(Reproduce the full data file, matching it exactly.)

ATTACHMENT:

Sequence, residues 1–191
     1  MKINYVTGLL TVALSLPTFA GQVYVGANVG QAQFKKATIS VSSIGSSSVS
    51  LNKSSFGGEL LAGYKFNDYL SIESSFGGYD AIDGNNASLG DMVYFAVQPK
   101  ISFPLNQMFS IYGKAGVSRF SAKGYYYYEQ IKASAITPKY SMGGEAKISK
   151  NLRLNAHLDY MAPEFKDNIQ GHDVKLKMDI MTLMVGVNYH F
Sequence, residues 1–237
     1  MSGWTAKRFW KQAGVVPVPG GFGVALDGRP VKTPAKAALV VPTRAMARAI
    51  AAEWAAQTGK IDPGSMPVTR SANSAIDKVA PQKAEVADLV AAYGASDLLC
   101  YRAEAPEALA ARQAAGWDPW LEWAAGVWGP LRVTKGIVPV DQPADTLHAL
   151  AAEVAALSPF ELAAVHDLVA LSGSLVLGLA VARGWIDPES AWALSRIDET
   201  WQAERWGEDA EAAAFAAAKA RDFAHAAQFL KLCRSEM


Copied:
Sequence, residues 1–191
     1  MKINYVTGLL TVALSLPTFA GQVYVGANVG QAQFKKATIS VSSIGSSSVS
    51  LNKSSFGGEL LAGYKFNDYL SIESSFGGYD AIDGNNASLG DMVYFAVQPK
   101  ISFPLNQMFS IYGKAGVSRF SAKGYYYYEQ IKASAITPKY SMGGEAKISK
   151  NLRLNAHLDY MAPEFKDNIQ GHDVKLKMDI MTLMVGVNYH F
Sequence, residues 1–237
     1  MSGWTAKRFW KQAGVVPVPG GFGVALDGRP VKTPAKAALV VPTRAMARAI
    51  AAEWAAQTGK IDPGSMPVTR SANSAIDKVA PQKAEVADLV AAYGASDLLC
   101  YRAEAPEALA ARQAAGWDPW LEWAAGVWGP LRVTKGIVPV DQPADTLHAL
   151  AAEVAALSPF ELAAVHDLVA LSGSLVLGLA VARGWIDPES AWALSRIDET
   201  WQAERWGEDA EAAAFAAAKA RDFAHAAQFL KLCRSEM